When you create an automapped SNAT, the BIG-IP system actually creates a SNAT pool consisting of the systems internal self IP addresses, and then uses an algorithm to select and assign an address from that SNAT pool.
As stated previously, it is when you initially run the Setup utility on a BIG-IP system that you normally create any static and floating self IP addresses and assign them to VLANs. However, if you want to create additional self IP addresses later, you can do so using the Configuration utility.
Note: Only users with either the Administrator or Resource Administrator user role can create and manage self IP addresses.
As described in Introduction to self IP addresses, a self IP address, combined with a netmask, typically represents a range of host IP addresses in a VLAN. If you are assigning a self IP address to a VLAN group, the self IP address represents the range of self IP addresses assigned to the VLANs in that group.
When you specify a netmask for a self IP address, the self IP address can represent a range of IP addresses, rather than a single host address. For example, a self IP address of 10.0.0.100 can represent several host IP addresses if you specify a netmask of 255.255.0.0.
Assigning a self IP address to a VLAN
The self IP address that you assign to a VLAN should represent an address space that includes the self IP addresses of the hosts that the VLAN contains. For example, if the address of one destination server in a VLAN is 10.0.0.1 and the address of another server in the VLAN is 10.0.0.2, you could assign a self IP address of 10.0.0.100, with a netmask of 255.255.0.0, to the VLAN.
Assigning a self IP address to a VLAN group
The self IP address that you assign to a VLAN group should represent an address space that includes the self IP addresses of the VLANs that you assigned to the group. For example, if the self IP address of one VLAN in a VLAN group is 10.0.20.100 and the address of the other VLAN in a VLAN group is 10.0.30.100,you could assign an address of 10.0.0.100, with a netmask of 255.255.0.0, to the VLAN group.
The VLAN/Tunnel list in the BIG-IP Configuration utility displays the names of all existing VLANs and VLAN groups.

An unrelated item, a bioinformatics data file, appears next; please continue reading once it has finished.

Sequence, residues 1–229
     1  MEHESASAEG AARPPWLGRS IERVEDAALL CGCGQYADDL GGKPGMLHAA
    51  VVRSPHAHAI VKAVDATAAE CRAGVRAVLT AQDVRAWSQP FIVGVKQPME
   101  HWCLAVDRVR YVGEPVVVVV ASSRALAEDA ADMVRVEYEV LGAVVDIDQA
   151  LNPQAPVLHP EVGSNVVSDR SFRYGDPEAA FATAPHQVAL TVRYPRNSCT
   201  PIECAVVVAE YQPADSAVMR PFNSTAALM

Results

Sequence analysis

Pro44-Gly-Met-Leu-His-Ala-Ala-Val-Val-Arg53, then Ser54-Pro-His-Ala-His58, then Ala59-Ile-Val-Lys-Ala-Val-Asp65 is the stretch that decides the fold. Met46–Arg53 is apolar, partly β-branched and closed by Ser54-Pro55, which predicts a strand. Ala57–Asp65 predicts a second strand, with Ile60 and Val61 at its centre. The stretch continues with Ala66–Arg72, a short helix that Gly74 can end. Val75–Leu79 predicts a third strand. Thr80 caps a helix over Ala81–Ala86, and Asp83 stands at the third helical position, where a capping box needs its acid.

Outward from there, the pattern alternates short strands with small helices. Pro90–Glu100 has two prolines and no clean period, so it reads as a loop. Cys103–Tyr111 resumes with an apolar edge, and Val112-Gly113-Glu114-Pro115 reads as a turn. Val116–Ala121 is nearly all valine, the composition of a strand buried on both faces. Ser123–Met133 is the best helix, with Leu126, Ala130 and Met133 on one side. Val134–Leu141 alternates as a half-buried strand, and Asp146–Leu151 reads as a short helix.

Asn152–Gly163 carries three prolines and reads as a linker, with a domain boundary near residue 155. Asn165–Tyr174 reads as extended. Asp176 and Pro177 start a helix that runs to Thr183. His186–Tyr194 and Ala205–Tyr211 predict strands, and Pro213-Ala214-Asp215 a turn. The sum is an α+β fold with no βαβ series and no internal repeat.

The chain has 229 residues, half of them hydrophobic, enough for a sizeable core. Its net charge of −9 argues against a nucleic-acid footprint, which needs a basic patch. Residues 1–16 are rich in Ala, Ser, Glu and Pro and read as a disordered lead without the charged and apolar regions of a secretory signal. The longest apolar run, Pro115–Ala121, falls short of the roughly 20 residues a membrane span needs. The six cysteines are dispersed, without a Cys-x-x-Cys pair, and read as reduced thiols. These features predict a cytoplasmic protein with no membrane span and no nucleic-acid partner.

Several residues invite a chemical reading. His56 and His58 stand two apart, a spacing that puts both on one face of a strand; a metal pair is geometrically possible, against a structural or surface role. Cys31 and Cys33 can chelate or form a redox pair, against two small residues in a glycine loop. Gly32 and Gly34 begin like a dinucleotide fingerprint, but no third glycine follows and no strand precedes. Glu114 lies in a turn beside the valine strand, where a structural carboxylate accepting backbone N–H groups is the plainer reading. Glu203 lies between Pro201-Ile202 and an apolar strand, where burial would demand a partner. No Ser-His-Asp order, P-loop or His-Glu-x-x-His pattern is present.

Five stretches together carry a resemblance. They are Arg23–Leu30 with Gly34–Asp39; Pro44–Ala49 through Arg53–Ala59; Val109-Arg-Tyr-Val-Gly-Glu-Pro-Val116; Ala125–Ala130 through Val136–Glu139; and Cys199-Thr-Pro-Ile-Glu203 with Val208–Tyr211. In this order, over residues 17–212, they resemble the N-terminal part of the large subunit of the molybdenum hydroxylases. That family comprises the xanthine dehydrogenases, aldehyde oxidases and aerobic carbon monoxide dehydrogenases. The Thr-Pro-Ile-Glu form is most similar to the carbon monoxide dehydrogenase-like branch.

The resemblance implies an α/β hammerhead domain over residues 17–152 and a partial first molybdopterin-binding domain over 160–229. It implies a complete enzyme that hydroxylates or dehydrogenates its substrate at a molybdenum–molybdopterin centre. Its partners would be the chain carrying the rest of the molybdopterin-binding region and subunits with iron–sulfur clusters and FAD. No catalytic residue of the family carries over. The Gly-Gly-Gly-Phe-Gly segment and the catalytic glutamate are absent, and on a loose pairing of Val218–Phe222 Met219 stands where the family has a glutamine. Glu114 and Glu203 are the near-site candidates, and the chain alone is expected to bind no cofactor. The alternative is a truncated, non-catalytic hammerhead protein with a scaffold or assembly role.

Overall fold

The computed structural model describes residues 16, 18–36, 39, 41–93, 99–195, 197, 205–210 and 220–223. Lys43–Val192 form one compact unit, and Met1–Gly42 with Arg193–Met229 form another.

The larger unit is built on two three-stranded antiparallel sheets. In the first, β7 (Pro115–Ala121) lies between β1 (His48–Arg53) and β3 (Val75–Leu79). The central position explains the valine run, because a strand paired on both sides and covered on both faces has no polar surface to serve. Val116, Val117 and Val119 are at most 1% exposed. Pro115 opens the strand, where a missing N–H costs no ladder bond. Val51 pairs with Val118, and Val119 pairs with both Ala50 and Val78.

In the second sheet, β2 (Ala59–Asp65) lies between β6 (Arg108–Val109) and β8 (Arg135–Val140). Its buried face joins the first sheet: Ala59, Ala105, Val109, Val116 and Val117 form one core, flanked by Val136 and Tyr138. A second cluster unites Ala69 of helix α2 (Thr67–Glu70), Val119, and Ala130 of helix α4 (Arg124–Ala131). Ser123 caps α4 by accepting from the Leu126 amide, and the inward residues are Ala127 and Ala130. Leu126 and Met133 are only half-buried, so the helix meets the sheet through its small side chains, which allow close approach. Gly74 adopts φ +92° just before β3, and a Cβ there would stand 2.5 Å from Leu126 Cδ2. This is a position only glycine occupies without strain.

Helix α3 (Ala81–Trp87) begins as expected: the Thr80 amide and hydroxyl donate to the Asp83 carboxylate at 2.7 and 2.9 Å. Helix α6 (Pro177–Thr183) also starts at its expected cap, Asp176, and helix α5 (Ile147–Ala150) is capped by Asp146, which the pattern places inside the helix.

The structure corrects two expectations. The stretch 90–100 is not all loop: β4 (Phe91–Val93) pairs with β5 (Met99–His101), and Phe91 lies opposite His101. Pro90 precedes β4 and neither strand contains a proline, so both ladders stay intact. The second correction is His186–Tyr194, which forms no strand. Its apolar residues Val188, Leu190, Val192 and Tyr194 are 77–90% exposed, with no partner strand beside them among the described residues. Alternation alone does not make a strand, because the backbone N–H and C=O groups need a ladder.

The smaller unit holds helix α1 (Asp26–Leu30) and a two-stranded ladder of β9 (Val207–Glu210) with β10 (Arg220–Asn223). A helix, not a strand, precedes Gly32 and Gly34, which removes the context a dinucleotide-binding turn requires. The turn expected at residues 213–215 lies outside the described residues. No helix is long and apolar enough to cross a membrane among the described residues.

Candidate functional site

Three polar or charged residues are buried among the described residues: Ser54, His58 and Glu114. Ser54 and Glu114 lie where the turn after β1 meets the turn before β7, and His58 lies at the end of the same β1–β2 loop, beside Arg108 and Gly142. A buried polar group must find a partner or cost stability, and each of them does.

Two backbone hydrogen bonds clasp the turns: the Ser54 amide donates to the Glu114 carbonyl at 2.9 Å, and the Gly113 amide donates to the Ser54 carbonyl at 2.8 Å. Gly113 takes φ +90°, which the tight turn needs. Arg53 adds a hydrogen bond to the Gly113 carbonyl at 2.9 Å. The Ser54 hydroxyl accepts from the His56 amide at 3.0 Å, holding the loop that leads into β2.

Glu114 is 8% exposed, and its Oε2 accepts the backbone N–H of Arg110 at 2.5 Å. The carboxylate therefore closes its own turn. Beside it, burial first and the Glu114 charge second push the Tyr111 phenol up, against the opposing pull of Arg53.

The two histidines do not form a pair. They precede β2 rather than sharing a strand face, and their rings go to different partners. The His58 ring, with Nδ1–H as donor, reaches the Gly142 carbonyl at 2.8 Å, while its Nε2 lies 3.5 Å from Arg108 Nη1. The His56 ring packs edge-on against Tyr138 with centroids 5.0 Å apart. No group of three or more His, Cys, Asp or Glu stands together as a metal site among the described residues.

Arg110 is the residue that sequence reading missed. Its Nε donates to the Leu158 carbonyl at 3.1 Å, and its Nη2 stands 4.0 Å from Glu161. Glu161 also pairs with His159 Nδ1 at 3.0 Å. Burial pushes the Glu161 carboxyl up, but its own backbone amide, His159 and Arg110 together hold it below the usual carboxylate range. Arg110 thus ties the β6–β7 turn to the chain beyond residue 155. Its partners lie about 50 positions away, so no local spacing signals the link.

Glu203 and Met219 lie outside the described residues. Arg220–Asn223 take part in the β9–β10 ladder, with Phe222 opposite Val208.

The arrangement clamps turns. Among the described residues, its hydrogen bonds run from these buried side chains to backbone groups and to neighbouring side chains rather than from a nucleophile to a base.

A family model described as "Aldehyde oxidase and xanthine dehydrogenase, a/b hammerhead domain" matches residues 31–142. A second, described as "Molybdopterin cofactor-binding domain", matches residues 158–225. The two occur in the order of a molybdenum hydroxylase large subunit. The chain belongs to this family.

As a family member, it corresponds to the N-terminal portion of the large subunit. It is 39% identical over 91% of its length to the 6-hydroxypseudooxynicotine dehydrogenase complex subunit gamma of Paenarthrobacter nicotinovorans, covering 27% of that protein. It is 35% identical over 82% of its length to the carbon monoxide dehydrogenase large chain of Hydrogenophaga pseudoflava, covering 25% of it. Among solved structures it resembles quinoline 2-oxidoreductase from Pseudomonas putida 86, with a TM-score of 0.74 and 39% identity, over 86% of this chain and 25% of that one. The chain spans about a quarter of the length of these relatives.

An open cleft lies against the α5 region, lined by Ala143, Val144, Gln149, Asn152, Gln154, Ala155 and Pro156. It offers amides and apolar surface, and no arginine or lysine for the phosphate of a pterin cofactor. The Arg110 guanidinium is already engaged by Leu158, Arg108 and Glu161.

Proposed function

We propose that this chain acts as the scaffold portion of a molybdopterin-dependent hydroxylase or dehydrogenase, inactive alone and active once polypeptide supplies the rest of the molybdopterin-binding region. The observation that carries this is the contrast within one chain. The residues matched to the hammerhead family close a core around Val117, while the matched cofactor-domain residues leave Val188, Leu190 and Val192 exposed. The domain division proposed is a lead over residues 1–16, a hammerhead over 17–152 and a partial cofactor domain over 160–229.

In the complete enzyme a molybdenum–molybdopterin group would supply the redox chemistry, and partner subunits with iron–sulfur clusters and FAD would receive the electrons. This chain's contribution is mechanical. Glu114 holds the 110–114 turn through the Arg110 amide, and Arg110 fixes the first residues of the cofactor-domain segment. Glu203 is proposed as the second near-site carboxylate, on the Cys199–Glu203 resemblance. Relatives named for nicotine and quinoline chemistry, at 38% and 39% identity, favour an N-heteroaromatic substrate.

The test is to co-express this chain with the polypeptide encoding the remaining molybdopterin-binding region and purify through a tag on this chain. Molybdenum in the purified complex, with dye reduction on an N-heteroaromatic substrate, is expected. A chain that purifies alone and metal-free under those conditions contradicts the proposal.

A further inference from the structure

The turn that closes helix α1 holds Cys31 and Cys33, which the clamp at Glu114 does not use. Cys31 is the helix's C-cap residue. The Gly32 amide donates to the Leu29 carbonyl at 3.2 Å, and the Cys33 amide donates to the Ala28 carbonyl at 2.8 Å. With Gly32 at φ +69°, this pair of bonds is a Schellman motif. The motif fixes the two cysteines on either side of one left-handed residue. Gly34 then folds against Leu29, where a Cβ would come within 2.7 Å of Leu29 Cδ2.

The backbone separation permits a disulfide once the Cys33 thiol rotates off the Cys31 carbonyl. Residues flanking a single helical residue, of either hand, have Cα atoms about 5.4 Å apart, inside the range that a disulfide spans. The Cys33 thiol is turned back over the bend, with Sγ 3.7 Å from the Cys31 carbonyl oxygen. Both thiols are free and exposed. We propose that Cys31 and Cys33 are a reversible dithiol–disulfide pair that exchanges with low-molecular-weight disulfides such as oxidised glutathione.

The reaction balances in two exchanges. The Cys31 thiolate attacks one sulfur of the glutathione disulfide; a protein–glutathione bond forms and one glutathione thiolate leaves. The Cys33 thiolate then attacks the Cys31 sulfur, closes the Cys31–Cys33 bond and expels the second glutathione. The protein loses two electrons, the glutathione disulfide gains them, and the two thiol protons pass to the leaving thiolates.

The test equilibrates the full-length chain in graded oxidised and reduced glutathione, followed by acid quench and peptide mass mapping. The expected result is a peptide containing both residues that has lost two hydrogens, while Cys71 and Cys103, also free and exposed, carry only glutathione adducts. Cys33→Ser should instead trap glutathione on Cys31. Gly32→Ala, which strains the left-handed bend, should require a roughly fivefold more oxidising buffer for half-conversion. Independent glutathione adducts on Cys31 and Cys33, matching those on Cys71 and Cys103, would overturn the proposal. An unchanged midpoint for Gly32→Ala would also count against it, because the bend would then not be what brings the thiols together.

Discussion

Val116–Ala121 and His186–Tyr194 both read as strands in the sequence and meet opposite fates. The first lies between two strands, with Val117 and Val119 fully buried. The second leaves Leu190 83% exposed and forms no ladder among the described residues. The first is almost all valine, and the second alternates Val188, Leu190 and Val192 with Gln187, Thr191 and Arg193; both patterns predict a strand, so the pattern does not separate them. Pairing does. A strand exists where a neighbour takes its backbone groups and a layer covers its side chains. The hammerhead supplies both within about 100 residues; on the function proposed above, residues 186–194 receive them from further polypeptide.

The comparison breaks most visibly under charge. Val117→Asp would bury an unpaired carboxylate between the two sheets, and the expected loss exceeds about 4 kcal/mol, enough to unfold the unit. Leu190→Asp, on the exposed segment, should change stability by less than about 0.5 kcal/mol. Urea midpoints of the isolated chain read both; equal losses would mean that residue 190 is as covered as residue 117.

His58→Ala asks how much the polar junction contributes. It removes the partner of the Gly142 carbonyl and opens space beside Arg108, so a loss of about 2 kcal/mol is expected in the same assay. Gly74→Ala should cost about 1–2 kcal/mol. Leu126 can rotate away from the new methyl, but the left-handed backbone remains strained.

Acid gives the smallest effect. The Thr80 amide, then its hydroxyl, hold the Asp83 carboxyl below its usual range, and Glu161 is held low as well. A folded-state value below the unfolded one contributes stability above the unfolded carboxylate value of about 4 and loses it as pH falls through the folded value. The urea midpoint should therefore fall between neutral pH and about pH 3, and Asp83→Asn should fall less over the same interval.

Each self IP address has a feature known as port lockdown. Port lockdown is a security feature that allows you to specify particular UDP and TCP protocols and services from which the self IP address can accept traffic. By default, a self IP address accepts traffic from these protocols and services:
If you do not want to use the default setting (Allow Default), you can configure port lockdown to allow either all UDP and TCP protocols and services (Allow All), no UDP protocols and services (Allow None), or only those that you specify (Allow Custom).
If you want the self IP address to be a floating IP address, that is, an address shared between two or more BIG-IP devices in a device group, you can assign a floating traffic group to the self IP address. A floating traffic group causes the self IP address to become a floating self IP address.
A floating self IP address ensures that application traffic reaches its destination. More specifically, a floating self IP address enables a source node to successfully send a request, and a destination node to successfully send a response, when the relevant BIG-IP device is unavailable.
If you want the self IP address to be a static (non-floating) IP address (used mostly for standalone devices), you can assign a non-floating traffic group to the self IP address. A non-floating traffic group causes the self IP address to become a non-floating self IP address. An example of a non-floating self IP address is the address that you assign to the default VLAN named HA, which is used strictly to process failover communications between BIG-IP devices, instead of processing application traffic.